Women who managed to stay in the workforce during last year’s pandemic recession saw a dip in income and little improvement in the gender wage gap, data released Tuesday from the U.S. Census Bureau show. 

In 2020, women who worked full time earned 83 cents for every dollar men took home, up from 82.3 cents the year prior. Earlier this year, Pew Research Center found the pay gap didn’t budge last year when including part-time workers, either. Nonwhite women have even bigger earnings gaps.

Women also saw a 1.2% dip in median earnings compared to the year prior, the Census report on income and poverty found. The change for working men was not statistically significant.

Much of the gender pay gap is due to women’s underrepresentation in the highest paying jobs and fields. The slight narrowing of the gap in 2020 was not because women were earning more but because women working in low-wage industries, like retail and hospitality, disproportionately lost their jobs, said Emily Martin, a vice president at the National Women’s Law Center, an advocacy group based in Washington, D.C.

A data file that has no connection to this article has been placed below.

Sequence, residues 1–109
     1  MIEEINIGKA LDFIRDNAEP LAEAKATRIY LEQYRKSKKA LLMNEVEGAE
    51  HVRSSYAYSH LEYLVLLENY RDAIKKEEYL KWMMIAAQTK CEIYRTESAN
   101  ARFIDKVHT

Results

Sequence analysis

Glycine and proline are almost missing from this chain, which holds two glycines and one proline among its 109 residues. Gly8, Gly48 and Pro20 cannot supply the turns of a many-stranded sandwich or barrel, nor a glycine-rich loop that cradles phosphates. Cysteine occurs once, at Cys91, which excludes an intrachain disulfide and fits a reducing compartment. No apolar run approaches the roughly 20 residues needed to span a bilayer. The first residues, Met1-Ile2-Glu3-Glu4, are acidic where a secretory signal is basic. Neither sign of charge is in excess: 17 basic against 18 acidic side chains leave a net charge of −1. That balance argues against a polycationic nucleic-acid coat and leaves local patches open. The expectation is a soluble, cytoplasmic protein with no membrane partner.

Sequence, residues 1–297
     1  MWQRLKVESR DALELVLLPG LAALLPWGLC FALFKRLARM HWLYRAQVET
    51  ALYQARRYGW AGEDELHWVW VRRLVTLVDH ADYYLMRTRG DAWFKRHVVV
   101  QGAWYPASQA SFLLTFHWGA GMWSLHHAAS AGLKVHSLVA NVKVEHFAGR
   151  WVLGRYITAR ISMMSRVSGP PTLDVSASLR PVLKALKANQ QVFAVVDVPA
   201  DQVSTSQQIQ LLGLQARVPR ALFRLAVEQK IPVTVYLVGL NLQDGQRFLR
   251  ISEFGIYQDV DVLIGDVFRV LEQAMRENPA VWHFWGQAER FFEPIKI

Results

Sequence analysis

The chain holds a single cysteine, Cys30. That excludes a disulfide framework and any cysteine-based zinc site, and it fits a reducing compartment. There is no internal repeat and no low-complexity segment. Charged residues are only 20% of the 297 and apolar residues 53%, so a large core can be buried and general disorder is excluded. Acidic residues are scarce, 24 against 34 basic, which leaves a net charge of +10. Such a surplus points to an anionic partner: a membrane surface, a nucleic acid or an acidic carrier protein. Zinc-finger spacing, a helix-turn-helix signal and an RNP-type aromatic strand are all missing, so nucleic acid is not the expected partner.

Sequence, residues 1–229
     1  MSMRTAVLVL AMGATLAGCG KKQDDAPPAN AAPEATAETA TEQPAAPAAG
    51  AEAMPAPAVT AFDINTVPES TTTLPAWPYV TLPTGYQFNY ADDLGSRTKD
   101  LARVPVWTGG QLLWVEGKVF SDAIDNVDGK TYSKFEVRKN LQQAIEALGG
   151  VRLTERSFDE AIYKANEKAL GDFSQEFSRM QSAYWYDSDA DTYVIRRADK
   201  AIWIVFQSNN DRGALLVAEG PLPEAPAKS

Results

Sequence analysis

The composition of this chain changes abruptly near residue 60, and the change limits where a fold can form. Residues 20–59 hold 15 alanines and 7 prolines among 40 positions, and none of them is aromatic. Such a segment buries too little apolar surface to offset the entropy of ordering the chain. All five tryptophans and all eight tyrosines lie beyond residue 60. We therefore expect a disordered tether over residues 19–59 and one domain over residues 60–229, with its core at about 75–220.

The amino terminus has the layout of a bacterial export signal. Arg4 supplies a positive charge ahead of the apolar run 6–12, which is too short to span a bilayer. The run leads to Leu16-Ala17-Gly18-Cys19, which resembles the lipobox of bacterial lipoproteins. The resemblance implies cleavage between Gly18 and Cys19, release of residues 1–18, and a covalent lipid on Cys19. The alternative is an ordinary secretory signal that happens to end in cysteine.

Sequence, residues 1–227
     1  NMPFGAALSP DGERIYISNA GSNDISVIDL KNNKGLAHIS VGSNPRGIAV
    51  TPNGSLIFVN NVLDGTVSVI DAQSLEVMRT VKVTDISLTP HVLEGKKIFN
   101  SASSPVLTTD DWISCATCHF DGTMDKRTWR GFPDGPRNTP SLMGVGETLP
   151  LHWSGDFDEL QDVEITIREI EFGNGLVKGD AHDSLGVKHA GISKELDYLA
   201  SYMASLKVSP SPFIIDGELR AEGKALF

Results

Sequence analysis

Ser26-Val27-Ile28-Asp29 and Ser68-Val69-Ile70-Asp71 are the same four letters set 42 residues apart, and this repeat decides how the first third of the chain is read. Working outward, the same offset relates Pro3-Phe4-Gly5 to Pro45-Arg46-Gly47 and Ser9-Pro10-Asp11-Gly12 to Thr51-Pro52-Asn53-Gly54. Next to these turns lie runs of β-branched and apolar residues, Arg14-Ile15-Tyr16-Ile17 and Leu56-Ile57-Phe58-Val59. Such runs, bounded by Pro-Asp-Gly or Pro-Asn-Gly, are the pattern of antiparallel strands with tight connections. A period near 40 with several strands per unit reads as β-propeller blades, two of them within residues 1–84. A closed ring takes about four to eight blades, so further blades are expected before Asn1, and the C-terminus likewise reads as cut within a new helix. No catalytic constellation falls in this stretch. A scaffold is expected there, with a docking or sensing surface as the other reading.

“The wage gap artificially appeared to be closing,” said Martin in an emailed statement. “But race and gender wage gaps are still robbing women of tens of thousands of dollars a year.”

Overall U.S. median household income decreased 2.9% last year compared to 2019. The official poverty rate increased 1 percentage point.